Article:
darkly lit image of a camera lens pointing directly at the viewer, with hands in shot as a header image for the blog post about how to plan a photography shoot

How to plan a photography shoot

Having great photography is a vital part of any schools marketing. Engaging shots are needed for use on school websites and prospectuses. Great shots give prospective parents an idea of what life is like at your school. So what is the best way to plan a photography shoot?

Well, some schools choose to take the photographs themselves. However this can be very time consuming to say the least. In addition, the end result is sometimes not ideal, with shots often ending up very dark or out of focus. If you choose to let the professionals in, then this is an overview of the process.

Booking in the Photography Shoot

We offer either a full day shoot, which is up to 7 hours. A full day is usually required if you have a full website to populate for example. Alternatively, we can book in a half day shoot which provides up to 3.5 hours shooting time. A half day shoot can be useful if you simply need to freshen up your images or if you have a very small school such as a PRU.

Finding the right day

We advise picking a date when having the photographer in school will not disrupt any other important events in school. So avoid any exams or sports day as a couple of examples.

Often, we can pencil in a number of possible shooting days, because good weather is very important if you wish to capture outdoor shots. We then keep an eye on the weather forecast and settle on the best day possible. This is usually decided the week before. Hopefully we will be rewarded with wonderful blue skies!

Example of Hive's photography with an image of blue skies above a school building

Naturally we also need to avoid any events which are very seasonal such as Christmas. As this would mean the images wouldn’t work as well for you, year round.

Parental Consent

As it is vital that as many pupils as possible have permission to be photographed. We suggest it is a good idea to seek permission for children to be photographed ahead of the shoot. Sometimes pupils simply do not have permission to be photographed due to an over-site. Sending a new request to parents and guardians will help ensure you are able to use images of as many pupils as possible.

Another handy planning tip is to give all pupils who can’t be photographed a sticker. This way, the photographer can avoid photographing them as they capture any reportage images around school. Also when we are reviewing the images after the shoot, if any of the children have snuck into shot, we can easily disregard those images. If this is not possible, then it is best to ensure that staff are aware of any pupils who can not be photographed. Staff can then make the photographer aware and also ensure they do not select them to be photographed.

How to plan a photography Shoot

Pre-shoot, it is important to get all staff on board with the requirements. The photographer is likely to need to go into their classroom and will disrupt the lesson, but only for a very short while. If staff are prepared for this and know how important the shoot is, then this will enable us to get the best out of the time with their class. Allowing us to capture some really great shots. Then we can be in and out of the class as quickly as possible with minimum fuss.

If you want to get the most out of the day, you can also plan key activities you wish to capture. This could include ensuring an interesting PE activity is taking place. Alternatively, you could plan for one class to have a music lesson and another to be working on an art project, this way you can ensure we will capture a breadth of curriculum in your images.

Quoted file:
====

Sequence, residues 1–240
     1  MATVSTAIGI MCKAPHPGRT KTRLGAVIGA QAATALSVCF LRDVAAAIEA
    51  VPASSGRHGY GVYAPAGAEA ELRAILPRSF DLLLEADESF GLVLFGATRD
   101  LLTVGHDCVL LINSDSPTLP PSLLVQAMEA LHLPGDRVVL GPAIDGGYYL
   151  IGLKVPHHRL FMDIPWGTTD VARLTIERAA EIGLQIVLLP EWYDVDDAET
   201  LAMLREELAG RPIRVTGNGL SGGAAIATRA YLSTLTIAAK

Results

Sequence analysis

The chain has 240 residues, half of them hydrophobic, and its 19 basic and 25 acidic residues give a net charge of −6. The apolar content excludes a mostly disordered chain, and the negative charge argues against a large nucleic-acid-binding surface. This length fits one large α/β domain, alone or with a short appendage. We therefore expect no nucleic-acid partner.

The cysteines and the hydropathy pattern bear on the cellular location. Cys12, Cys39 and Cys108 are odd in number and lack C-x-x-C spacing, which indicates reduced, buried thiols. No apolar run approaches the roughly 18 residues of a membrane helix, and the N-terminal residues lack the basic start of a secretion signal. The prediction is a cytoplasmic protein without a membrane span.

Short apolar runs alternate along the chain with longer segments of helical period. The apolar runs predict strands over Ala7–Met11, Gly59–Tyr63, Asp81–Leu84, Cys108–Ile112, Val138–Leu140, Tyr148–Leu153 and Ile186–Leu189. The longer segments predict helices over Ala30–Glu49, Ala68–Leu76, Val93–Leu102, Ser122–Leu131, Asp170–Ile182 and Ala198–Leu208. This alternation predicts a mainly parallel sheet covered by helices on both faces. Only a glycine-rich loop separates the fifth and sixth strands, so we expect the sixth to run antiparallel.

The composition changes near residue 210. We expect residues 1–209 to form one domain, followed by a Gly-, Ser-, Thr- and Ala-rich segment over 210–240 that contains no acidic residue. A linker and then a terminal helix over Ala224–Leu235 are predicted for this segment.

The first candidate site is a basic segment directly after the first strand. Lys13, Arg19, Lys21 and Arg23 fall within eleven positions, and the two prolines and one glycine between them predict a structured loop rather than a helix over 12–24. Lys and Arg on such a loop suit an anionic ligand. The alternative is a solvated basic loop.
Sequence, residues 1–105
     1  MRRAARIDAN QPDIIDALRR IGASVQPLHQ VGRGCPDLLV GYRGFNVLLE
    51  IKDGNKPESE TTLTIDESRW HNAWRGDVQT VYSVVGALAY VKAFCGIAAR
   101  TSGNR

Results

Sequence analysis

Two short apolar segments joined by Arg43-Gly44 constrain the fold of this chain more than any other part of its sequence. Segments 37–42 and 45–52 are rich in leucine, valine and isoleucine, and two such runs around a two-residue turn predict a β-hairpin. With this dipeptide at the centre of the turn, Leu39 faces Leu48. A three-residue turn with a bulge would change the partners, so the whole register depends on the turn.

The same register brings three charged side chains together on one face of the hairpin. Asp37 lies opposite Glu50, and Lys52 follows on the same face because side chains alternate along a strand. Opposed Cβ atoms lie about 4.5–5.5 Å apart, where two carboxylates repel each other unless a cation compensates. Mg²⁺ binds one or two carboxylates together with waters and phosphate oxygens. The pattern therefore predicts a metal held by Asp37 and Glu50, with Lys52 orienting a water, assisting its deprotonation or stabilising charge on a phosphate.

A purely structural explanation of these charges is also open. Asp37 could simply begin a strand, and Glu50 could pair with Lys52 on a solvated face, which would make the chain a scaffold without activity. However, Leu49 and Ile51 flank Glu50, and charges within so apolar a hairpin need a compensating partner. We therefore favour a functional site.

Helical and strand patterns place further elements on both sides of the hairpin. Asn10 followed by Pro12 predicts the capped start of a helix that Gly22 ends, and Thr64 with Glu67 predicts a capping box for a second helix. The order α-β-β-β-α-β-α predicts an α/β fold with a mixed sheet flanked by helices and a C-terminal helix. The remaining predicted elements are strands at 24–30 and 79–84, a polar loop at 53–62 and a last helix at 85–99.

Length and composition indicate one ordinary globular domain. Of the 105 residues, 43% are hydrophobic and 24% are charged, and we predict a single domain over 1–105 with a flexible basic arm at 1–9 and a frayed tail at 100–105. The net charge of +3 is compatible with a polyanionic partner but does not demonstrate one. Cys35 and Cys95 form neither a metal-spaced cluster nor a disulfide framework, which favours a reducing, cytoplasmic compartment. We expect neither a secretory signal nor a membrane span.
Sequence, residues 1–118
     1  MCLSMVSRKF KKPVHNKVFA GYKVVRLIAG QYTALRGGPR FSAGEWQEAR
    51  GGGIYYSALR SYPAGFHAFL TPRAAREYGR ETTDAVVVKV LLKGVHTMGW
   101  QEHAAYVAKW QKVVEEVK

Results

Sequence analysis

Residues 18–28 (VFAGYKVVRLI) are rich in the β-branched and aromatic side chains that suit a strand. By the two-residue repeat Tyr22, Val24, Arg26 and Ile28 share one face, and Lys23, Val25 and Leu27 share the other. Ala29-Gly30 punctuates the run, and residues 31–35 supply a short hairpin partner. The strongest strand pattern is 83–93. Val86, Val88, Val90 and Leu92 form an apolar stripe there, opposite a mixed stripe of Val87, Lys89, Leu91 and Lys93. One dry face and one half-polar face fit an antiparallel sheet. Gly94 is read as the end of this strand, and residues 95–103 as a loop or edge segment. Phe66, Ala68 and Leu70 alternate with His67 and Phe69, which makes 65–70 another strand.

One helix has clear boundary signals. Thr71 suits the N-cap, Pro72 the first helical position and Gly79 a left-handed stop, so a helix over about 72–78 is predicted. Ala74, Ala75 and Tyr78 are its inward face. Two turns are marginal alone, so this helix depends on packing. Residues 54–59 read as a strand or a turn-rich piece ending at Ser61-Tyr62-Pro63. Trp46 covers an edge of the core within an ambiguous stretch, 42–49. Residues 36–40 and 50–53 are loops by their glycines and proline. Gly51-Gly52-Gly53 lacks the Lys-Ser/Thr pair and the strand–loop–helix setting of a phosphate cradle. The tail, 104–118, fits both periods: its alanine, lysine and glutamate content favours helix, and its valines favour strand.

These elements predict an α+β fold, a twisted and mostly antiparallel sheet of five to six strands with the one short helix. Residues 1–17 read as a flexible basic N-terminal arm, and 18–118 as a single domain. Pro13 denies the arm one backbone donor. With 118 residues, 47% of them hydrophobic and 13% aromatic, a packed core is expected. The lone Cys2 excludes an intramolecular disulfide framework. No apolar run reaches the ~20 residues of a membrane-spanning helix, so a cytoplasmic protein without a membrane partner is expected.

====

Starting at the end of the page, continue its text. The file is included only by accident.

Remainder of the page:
Example of Hive's photography with an image of a boy using a computer in a music lesson

But don’t worry if you don’t have time to plan, we will still ensure we capture the best images possible, no matter what is going on at school. After the shoot, we will also provide a contact sheet of images, so if needs be, you can review the images later. We can then delete any images containing children who should not be featured.

On the day

It is always best for us to start early to capture some of the outside spaces before the children arrive. Initially, we will capture images of breakfast club, if you have one. Then we will begin to focus on the pupils interacting with their surroundings and each other, as they arrive at school.

Example of Hive's photography with an image of pupils arriving at school

Once the school day is underway, we will then tour the school and take reportage images and posed shots of pupils in each class. The photographer can also visit any specific classes to capture certain lessons, if you have planned particular activities.

During the day we will also aim to capture shots of outdoor areas and any school facilities.

Example of Hive's photography with an image of brightly coloured wall graphics in a school corridor

We have also captured staff shots, sometimes during the lunch break, if we can set up an area with lighting. This can be the perfect time for staff to then pop in for their photograph.

After the shoot

After a full days of shooting, we will then sort through the hundreds of potential images, picking the very best. These images wil them be colour corrected if required and complied into a contact sheet. This will be sent to you to review.

We will provide a copy of each image to the school for future use. Each will be supplied in high resolution for print purposes and also low resolution for web use.

I hope our article has helped you learn how to plan a photography shoot, if you need any more information or advise on planning your next shoot, please get in touch.